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Fontana Dam gets a temporary reprieve from post office closure

The town of Fontana Dam can still send and receive mail via its own post office — at least for now.

The U.S. Postal Service decided to delay closing or merging scores of post offices nationwide following protests from lawmakers such as U.S. Rep. Heath Shuler, D-Waynesville. Legislators wanted the process slowed so that Congress can first debate possible methods of fixing the money-troubled U.S. Postal Service.

The shutdowns were slated to begin early this year.

This postponement comes as great news to residents of North Carolina's newest town, Fontana Dam — population 33 — a rural outpost in the wilds of Graham County near the Tennessee line.

"I think it is really important we have a post office," said Darlene Waycaster, who doesn't actually live within the town's limits but is an employee of the town's sole employer, Fontana Village Resort. "We do so much mail through here, and we have so many Appalachian Trail hikers coming through, too."

Fontana Village Resort boasts 140 employees during warmer times of the years, and more than 100,000 visitors annually make their way to this remote spot. The Village's seasonal workers rely on post office boxes as the only means to get their mail. The demand is so high that some years the Fontana post office has run out of post office boxes.

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Equally reliant on the post office in Fontana Dam are the legions of Appalachian Trail thru-hikers who stop to pickup supplies as they traverse the famous footpath, which spans from Georgia to Maine. Many AT hikers, before leaving on their treks, mail themselves food and camping items to various drop points along the trail. Fontana Dam is the last re-supply point before hikers hit a tough stretch of the Smokies.

That information seemed to make an impression on U.S. Postal workers, said Fontana Dam town board member Craig Litz. Driving the curvy road to this far-flung outpost, some 45 miles roundtrip from the next nearest post office, probably made some sort of an impression, too, he acknowledged. The Postal Service actually came to Fontana Dam to hear concerns.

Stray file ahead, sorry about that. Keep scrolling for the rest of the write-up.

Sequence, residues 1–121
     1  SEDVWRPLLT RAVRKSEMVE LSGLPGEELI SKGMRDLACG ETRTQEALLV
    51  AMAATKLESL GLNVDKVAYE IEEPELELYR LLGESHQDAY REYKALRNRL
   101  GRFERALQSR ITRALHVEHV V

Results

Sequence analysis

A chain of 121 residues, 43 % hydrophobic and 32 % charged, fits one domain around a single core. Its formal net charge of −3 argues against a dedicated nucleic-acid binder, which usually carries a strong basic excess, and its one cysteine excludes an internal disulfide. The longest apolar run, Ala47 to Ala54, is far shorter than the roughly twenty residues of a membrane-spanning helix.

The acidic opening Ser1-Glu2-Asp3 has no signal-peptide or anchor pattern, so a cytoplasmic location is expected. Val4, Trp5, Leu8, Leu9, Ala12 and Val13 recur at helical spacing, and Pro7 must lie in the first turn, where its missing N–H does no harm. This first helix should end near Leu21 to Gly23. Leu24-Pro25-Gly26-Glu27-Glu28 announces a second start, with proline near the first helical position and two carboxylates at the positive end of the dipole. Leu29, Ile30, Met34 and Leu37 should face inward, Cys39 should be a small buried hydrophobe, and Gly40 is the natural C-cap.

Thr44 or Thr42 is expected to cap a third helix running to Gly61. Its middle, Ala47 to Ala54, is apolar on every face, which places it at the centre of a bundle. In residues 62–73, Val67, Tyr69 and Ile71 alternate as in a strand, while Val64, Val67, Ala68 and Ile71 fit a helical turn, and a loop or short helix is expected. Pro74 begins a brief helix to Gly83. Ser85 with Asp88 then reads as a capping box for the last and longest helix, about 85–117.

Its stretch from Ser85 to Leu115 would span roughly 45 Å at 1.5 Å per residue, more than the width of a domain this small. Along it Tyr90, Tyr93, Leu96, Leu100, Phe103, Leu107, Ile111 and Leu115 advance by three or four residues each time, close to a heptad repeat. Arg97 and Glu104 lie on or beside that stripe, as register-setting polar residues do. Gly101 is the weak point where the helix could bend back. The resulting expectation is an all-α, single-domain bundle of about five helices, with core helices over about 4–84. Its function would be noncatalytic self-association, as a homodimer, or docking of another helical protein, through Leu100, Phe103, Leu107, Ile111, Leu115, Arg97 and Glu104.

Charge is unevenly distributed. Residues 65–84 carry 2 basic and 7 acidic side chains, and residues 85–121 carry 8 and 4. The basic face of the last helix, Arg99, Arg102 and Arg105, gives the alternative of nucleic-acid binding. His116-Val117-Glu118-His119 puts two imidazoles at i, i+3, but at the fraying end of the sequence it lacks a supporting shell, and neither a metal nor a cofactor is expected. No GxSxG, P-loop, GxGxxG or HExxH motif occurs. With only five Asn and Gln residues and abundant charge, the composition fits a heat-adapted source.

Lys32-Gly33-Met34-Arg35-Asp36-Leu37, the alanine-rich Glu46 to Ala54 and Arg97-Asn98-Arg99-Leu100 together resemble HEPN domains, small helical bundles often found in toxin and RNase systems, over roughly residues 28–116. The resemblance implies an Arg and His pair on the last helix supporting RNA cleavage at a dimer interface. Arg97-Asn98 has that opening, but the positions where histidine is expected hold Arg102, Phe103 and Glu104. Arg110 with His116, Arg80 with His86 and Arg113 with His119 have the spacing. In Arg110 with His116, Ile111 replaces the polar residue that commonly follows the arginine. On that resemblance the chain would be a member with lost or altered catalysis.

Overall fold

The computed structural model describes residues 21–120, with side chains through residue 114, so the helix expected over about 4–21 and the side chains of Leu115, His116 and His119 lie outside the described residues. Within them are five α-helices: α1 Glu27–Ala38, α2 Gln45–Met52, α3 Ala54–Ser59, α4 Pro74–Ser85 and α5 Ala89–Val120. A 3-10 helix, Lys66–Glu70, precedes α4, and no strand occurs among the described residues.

Litz had praise for the postal workers and U.S. Rep. Shuler. He said both parties seemed genuinely interested in hearing and understanding the situation faced by Fontana Dam's residents, workers, visitors and hikers should the post office close.

"It was definitely not just for show," Litz said. "They definitely heard us."

That said, the U.S. Postal Service is teetering into bankruptcy and is forecasted to lose a record $14.1 billion this year alone.

The mail-carrier service has plans to cut $20 billion in costs by 2015. Doing so, however, is contingent on closing more than 3,700 post offices and about 250 mail-processing facilities, including one in Asheville that serves this region. Mail processing for Western North Carolina would be consolidated into a facility in Greenville, S.C.

The Postal Service also wants to end Saturday mail deliveries, slow the delivery of first-class mail and change labor union contracts to cut up to 120,000 jobs.

Nothing will happen now, at least regarding the post office and mail-processing facilities, until May 15 at the earliest. Since northbound Appalachian Trail hikers pass through Fontana in April and early May, they can continue to use the post office for their supply drops this year. Reviews of the situation and various postal offices will continue, though.

"Given the Postal Service's financial situation and the loss of mail volume, the Postal Service must continue to take all steps necessary to reduce costs and increase revenue," USPS said in a recent statement.

But even a reprieve is helpful, Fontana Dam's first-ever official mayor, Tim Gamble, said — and not just because everyone who is associated with the town would like to have a place to send and receive mail. But, also, because of the historic importance of the post office to the Fontana area: Fontana Village Resort is one pillar supporting this community, and the post office serves as the other one.

Both pillars, town leaders and community members said, are vital.

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